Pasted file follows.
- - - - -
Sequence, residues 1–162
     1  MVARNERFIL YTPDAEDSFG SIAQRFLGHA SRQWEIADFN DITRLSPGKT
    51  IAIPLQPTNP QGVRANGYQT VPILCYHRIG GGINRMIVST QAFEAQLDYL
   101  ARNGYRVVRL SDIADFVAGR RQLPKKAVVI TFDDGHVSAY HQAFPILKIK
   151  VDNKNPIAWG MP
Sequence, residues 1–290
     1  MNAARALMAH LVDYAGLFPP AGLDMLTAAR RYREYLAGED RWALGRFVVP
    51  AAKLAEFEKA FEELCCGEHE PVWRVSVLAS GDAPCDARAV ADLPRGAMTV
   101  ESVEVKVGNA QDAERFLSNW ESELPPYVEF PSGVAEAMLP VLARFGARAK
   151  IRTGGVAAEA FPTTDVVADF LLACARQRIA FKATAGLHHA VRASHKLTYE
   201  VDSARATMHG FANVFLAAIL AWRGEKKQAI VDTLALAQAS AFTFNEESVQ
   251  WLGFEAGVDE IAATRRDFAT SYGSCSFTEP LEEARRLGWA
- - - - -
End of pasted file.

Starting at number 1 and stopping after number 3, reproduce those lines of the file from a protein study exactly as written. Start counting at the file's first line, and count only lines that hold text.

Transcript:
Sequence, residues 1–162
     1  MVARNERFIL YTPDAEDSFG SIAQRFLGHA SRQWEIADFN DITRLSPGKT
    51  IAIPLQPTNP QGVRANGYQT VPILCYHRIG GGINRMIVST QAFEAQLDYL